Finally, the choice of the subjects was done randomly which further points out that these results cannot be considered as generally applicable. More precisely, there are individuals whose training permits a better understanding and obvious recall capacity. These include individuals that are, even to a limited extend, and engaged in music related activities -- learning foreign languages, human sciences, social sciences. Such backgrounds are consistent with a particular affinity towards memory exercises and special attention given to word related details. Also, individuals that are strongly engaged in learning activities have a better-stimulated overall memory as it is well-known that memory is an exercised ability. With these two assumptions in mind, the results that are obtained from a set of experiments conducted on individuals that are engaged in continuous learning activities would not necessarily be applicable to a grown up no longer involved in systematic academic exercises. This factor can become a liability for the overall results of the study if taken in conjunction with the changing of the subjects at the end of every experiment, an aspect that does not provide consistency for the comparisons and may offer distinct results as starting points for the next phase of the experiments.
Overall the structure of the experiments as well as the general considerations and conclusions of the study do ensure an added value to the researched subject. However, in order to improve the applicability and range of the conclusions the authors reached and supported through these experiments, follow up studies should take into account several aspects in particular related to the methodology. One of the most important elements of the research is the range of subjects and the backgrounds from which these are selected. It must be pointed out that is these types of experiments the reactions of the subjects are the actual providers of results. The interpretation of such reactions mostly reflects the background of the researchers and the previous studies conducted on the matter. However, the raw data is provided by the individual response to certain stimuli. Therefore, in order to provide a more uniform overall conclusion to the research it is important that the individuals are connected by as many common traits as possible. On the other hand however, a wider range of subjects ensures a greater variety of responses and opens the door to both variables and further research directions. Even so, if the study aims to provide a clear, undeniable answer to a specific question, the representativeness of the subjects must be limited to a certain segment inside a wider range.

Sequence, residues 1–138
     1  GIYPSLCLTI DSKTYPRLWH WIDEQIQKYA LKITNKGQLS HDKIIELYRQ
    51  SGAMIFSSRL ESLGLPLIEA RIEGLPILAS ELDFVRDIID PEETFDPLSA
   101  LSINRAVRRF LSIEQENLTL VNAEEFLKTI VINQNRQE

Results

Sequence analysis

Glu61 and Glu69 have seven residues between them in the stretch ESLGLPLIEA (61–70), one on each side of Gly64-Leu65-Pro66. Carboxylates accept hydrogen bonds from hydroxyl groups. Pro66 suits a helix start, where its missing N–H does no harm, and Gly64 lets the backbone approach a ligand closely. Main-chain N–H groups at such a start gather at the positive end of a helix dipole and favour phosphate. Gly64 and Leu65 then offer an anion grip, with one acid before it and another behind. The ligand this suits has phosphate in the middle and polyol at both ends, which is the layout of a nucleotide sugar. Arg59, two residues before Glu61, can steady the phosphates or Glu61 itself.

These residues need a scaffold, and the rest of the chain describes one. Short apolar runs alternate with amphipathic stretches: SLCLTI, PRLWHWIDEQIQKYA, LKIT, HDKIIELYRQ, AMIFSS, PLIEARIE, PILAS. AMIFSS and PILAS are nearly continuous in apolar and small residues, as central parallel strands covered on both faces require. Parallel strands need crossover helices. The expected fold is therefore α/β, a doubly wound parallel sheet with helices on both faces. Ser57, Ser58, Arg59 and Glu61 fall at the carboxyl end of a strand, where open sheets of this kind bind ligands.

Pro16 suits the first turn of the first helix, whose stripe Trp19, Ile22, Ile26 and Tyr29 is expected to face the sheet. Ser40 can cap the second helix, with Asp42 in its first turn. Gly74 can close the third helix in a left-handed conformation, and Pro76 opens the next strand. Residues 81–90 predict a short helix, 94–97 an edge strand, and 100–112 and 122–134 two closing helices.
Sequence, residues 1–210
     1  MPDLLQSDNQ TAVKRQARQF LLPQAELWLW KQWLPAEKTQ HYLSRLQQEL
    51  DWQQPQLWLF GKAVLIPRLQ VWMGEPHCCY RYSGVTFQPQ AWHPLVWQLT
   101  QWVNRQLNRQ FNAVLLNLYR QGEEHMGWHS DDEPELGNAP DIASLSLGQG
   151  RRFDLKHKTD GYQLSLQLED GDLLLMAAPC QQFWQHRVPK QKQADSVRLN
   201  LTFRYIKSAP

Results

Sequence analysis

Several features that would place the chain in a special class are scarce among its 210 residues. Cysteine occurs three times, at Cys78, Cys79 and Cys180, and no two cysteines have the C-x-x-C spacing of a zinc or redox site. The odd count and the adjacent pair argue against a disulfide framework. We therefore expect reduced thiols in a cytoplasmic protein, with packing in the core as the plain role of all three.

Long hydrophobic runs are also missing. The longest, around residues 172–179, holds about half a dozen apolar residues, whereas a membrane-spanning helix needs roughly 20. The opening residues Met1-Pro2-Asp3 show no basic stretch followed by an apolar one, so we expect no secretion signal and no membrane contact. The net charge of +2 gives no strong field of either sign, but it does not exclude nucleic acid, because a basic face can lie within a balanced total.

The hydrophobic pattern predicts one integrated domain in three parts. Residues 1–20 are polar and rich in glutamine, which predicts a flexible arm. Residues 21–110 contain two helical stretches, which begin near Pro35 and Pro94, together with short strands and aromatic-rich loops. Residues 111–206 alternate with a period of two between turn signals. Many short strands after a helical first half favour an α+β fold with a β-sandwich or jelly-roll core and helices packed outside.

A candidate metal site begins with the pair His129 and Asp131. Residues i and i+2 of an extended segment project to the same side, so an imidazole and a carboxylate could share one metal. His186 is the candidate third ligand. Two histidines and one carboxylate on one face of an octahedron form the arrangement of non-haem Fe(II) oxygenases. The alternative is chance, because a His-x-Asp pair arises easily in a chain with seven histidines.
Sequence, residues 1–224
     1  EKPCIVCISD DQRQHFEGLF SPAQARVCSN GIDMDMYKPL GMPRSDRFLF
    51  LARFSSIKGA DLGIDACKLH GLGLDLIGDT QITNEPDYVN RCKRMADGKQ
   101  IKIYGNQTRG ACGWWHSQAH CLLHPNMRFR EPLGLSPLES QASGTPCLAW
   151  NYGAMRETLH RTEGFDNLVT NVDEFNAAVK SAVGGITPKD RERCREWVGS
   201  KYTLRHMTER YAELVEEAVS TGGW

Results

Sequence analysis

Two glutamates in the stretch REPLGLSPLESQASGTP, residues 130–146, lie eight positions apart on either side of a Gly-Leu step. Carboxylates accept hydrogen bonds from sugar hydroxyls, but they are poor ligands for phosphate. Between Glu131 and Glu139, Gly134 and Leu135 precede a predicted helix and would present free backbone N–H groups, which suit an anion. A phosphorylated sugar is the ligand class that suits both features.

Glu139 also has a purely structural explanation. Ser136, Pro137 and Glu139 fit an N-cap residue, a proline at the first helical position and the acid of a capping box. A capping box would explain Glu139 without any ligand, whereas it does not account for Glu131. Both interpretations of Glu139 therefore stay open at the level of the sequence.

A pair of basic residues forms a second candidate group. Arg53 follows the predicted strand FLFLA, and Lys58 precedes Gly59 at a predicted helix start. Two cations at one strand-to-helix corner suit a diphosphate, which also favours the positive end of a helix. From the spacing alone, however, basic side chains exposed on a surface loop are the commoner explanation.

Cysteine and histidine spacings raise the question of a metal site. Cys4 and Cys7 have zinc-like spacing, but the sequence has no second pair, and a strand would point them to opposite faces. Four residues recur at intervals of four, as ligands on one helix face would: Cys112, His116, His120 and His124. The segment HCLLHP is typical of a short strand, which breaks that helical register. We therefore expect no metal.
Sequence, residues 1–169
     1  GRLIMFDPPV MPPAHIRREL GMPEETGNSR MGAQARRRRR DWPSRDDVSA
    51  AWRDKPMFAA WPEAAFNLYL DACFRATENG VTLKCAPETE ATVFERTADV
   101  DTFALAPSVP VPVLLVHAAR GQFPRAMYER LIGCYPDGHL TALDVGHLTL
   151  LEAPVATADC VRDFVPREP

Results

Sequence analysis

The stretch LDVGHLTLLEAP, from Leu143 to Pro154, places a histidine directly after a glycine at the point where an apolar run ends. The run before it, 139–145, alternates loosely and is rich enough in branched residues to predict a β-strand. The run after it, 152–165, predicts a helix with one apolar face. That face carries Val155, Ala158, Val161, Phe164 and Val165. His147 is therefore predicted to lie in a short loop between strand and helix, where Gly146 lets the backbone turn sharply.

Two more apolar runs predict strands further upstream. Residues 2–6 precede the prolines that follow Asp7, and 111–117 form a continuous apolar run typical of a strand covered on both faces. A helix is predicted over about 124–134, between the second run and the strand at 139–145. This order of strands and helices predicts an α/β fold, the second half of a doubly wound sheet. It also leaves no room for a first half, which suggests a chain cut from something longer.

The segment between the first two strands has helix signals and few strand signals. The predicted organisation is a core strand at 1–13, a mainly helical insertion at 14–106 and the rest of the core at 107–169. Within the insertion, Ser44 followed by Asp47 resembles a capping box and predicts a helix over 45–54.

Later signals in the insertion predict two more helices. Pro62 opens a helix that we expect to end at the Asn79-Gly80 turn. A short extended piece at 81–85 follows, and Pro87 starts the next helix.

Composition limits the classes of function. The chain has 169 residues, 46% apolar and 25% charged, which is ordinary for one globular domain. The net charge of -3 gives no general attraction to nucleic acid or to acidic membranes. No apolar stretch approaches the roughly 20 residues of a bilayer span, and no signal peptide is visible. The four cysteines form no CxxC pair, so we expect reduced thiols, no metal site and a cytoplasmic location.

An important aspect that must be taken into account when discussing further research strategies on this subject is related to increasing the variety of the music performed. It has been concluded in the current research that no music context does not trigger music-dependent-memory. However, such a context provides a still-type of stimuli that in turn detracts memory from being formed, similar to different context…[continue]